You don't need to ready my DualView TL225 review to realize the "wow" factor of this camera, thanks to its two LCD screens. However, what my review does show is that the DualView TL225 both looks great and performs really well.
excellent contrast and image detail
Overall the Samsung DualView TL225 is definitely a unique camera with the dual-displays and the large touch screen on the back. The ability to record 720p HD-video is another plus along with the good image quality too. The price point isn't bad either, but for some it may be slightly out of reach.
In many ways the super zoom Samsung WB650 is a better camera than the Panasonic TZ10. It has a better zoom range, a more accurate GPS system, a sharper monitor and crucially longer battery life. Also, build quality, design and handling are all excellent, but it can't quite match its rival on low ISO image quality.
Fringing was minimal for a compact of this caliber and colors were lively and punchy.
The Samsung SL820 is in a tight spot. The Canon PowerShots and Panasonic Lumix models are kicking behind in this price range, so there's really nowhere for the SL820 to go. This compact is heavier than the competition, has a plain-Jane feature set and produced images that were decent, but nothing to hold a parade for. We liked the large LCD and rugged, durable chassis, but the rest of the SL820 just seemed like a swanky plastic wrapper with no sustenance inside.
very promising camera
The TL500 is a very promising camera that looks like it will be a good pick for those who want a camera they can control, but who don't want to lug around an SLR. It has a great set of controls and features, including a full manual mode that is actually usable thanks to the dual control dials on the front and back.
Samsung's latest TL-series powerhouse, the TL500 (aka the EX1 in Europe) is an advanced camera aimed towards photo enthusiasts that demand high-end features and control in their digital cameras.
Samsung has put together a worthy competitor in the "compact prosumer" category. It offers image quality and High ISO performance that is matched by few cameras of the same size, however you pay a hefty price for these performance results and features.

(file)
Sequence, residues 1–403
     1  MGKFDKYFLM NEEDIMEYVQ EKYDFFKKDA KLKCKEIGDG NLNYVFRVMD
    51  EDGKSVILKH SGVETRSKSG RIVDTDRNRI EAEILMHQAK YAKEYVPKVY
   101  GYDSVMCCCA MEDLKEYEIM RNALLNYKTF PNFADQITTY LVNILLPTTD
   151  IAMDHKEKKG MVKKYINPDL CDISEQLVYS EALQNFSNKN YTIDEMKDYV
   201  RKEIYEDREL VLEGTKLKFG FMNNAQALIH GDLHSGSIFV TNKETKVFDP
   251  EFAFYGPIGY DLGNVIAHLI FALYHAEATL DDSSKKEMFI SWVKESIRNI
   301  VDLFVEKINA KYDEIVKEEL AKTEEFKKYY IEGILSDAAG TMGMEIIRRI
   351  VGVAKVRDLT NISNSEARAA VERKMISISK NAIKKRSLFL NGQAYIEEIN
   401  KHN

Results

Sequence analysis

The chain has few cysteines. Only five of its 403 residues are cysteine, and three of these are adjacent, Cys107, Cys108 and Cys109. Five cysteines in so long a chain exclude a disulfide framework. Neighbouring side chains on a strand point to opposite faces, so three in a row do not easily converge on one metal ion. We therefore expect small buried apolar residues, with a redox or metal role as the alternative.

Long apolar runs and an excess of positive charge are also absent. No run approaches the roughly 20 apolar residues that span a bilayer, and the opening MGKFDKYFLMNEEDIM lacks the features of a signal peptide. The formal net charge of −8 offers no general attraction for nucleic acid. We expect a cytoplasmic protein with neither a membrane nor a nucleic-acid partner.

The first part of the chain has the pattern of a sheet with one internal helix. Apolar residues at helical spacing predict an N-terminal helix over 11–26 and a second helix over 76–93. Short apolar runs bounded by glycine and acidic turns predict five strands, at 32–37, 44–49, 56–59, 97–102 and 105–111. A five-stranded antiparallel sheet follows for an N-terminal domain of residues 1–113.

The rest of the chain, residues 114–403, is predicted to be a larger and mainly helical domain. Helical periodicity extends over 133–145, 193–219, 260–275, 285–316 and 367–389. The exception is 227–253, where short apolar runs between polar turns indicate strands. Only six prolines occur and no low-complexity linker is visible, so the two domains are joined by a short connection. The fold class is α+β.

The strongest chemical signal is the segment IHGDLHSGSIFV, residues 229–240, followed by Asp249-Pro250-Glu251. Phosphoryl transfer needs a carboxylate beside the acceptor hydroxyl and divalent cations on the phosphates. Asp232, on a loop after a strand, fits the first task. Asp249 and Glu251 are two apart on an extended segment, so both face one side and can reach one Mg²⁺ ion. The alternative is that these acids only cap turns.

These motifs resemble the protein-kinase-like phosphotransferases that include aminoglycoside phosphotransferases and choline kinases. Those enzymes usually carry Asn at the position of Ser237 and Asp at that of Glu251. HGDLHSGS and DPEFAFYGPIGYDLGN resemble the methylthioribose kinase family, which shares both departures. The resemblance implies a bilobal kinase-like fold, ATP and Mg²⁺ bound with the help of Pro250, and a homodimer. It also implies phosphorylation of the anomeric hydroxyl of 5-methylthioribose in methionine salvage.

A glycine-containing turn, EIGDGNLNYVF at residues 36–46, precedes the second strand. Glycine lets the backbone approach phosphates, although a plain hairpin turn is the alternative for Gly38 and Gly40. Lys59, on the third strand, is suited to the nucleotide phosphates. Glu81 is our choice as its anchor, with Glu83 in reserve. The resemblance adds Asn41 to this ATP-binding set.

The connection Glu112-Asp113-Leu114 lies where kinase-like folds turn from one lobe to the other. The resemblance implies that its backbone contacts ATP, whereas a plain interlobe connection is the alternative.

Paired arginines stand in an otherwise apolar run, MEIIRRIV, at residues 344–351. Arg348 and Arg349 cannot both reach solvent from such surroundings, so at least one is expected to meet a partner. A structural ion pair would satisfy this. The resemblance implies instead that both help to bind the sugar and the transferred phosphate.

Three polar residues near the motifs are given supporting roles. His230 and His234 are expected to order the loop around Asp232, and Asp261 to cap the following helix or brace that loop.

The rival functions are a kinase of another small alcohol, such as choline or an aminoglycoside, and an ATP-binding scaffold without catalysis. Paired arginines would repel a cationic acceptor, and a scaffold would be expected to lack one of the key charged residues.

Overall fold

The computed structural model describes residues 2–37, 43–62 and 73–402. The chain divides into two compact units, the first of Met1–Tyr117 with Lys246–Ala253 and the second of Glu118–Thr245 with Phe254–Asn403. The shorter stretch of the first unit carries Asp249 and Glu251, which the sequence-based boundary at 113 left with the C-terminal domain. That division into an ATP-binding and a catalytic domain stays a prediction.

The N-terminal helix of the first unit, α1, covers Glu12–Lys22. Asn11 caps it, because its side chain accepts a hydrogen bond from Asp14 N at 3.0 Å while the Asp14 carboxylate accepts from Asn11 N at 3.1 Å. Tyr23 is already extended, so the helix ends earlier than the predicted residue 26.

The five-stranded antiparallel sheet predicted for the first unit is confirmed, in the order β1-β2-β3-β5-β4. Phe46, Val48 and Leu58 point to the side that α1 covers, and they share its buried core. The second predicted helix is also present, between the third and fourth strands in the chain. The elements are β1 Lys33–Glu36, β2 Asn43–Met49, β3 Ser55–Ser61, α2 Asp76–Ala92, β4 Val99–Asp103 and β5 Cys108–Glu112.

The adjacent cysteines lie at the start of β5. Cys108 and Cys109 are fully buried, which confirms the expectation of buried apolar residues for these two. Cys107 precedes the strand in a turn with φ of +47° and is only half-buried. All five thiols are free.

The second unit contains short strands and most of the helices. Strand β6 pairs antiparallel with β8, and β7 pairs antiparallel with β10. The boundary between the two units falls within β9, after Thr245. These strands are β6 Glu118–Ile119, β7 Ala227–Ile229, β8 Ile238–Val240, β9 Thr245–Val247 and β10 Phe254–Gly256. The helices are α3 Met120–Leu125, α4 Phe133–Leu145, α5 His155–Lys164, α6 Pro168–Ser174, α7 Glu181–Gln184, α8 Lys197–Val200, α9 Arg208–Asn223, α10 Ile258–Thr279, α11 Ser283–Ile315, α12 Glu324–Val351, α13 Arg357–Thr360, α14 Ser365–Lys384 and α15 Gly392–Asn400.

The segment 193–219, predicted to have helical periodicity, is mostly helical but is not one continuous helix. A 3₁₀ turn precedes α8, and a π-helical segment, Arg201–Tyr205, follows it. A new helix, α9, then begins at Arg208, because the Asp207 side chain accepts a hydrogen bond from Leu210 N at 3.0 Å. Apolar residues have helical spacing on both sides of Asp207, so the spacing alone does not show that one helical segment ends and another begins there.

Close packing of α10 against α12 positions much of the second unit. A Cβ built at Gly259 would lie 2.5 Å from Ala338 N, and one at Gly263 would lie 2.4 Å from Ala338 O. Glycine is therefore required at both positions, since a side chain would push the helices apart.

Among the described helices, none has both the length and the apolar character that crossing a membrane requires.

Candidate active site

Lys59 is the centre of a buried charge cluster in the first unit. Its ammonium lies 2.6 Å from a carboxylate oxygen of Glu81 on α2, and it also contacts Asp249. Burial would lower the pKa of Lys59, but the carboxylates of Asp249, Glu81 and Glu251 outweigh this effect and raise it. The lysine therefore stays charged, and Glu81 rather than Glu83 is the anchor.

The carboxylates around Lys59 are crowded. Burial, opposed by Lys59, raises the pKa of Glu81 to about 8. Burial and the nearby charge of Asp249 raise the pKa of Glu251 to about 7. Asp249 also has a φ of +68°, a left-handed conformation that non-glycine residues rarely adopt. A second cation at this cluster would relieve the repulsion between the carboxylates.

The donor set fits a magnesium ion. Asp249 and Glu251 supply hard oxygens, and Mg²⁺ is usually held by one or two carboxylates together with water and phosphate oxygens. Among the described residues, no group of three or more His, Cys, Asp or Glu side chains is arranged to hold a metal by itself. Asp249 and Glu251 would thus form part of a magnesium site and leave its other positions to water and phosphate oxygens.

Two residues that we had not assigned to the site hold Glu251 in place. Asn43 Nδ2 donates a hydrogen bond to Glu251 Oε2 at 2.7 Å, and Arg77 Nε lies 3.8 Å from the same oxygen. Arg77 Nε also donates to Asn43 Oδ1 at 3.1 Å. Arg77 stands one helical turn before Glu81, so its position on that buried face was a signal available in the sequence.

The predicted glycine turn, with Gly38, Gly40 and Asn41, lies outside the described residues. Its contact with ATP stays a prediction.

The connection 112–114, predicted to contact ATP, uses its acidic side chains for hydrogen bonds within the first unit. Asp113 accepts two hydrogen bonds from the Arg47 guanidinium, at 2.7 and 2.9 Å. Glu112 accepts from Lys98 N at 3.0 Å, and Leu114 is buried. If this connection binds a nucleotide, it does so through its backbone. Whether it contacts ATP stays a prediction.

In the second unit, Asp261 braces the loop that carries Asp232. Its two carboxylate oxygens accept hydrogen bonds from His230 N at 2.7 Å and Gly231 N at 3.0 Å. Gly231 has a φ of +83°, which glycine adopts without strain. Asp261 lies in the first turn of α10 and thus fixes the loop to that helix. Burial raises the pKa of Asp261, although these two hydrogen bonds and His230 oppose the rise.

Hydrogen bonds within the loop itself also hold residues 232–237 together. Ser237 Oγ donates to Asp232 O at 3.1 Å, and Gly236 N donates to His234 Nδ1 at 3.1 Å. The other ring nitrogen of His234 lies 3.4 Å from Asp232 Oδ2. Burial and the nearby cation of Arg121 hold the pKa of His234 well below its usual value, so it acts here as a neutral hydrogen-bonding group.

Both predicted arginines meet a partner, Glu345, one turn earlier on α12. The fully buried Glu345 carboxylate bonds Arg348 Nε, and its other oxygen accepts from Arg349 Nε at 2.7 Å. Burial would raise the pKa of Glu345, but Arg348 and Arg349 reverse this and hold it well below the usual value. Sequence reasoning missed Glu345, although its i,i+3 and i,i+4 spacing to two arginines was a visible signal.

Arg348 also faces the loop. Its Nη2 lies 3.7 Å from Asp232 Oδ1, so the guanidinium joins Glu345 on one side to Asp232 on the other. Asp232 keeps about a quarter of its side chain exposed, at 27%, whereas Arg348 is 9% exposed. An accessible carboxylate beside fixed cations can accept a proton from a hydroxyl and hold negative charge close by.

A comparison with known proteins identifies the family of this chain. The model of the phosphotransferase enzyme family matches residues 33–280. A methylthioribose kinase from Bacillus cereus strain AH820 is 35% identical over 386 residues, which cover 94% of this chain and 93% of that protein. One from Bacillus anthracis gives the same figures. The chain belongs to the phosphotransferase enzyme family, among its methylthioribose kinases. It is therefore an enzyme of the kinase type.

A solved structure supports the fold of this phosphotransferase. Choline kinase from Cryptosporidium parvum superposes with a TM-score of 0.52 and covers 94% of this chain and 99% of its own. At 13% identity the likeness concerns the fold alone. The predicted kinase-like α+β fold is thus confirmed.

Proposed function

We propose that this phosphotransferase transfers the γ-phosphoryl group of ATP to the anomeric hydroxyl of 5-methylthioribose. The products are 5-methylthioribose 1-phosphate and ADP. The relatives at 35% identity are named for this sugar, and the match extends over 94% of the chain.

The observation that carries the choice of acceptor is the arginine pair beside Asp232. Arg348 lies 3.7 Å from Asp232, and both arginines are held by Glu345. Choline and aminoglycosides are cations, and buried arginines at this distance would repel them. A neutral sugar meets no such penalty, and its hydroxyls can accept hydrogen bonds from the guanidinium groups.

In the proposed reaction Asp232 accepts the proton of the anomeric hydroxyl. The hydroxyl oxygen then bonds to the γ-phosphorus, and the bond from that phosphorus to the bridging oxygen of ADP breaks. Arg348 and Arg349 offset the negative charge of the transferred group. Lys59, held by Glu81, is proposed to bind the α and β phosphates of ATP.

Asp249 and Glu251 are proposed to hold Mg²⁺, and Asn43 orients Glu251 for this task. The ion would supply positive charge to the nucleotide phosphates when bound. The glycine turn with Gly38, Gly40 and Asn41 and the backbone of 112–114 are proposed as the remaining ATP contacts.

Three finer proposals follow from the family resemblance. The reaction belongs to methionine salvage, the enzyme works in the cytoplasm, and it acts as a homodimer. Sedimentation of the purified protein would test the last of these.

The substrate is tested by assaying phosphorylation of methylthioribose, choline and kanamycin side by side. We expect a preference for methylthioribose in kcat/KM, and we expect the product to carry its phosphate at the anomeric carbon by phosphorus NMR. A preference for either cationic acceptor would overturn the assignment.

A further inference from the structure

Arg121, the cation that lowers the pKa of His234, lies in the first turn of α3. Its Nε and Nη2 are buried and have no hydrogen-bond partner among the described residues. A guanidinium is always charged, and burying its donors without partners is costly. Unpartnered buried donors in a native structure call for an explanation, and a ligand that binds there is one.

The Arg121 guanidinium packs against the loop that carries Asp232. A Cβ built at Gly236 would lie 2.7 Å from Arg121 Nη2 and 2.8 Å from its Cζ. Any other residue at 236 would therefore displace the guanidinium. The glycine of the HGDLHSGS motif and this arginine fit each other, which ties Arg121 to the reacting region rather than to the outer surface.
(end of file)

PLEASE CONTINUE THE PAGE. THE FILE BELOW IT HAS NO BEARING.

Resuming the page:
Excellent dual-image stabilization
The Samsung TL500 has some drool-worthy specs and shoots great photos, but it stumbles on usability and video quality. The Samsung TL500 has some drool-worthy specs and shoots great photos, but it stumbles on usability and video quality. The G12 delivers excellent image and video quality; and it backs up its manual controls with fun scene modes, an optical viewfinder, and a tilt-and-swivel LCD screen.
Your images and the navigation menus look reasonably sharp on the OLED screen, and it’s bright enough for satisfactory viewing under most lighting conditions.
The Samsung TL500 is an excellent camera, and its F1.8 maximum aperture and OLED screen are excellent in a camer of this type. But usability issues make it less than ideal for both novices and expert users.
Excellent dual-image stabilization
The Samsung TL500 is an excellent camera, but it lags significantly behind rival models in video quality, macro mode, manual focus controls, and in-camera menus. Its F1.8 maximum aperture and OLED screen are unmatched by any other camera in this roundup, but the TL500's usability issues make it less than ideal for both novices and expert users.
Overall, the TL500 provided a solid first impression in terms of controls, handling and shooting.
The Samsung TL500 is a very intriguing camera â?? one that will certainly garner the attention of many in the months to come. Of course, the obvious question yet to be answered is that of image quality. If the image quality proves satisfactory, the advanced point and shoot market will be a little more crowded with a serious offering from Samsung.
At lower ISO's I was impressed with the camera's dynamic range.
There's a lot to like about the Samsung EX-1. Build quality is exemplary â?? a notch above what one usually finds in this price point. The lens is as good as it gets for a camera in the price range, and indeed better than many. Ergonomics and other handling issues are par for the course, and again, better than most.
Image quality is on a par with other cameras of this type, and the EX-1 in no way suffers by comparison with competing models from Canon or Panasonic.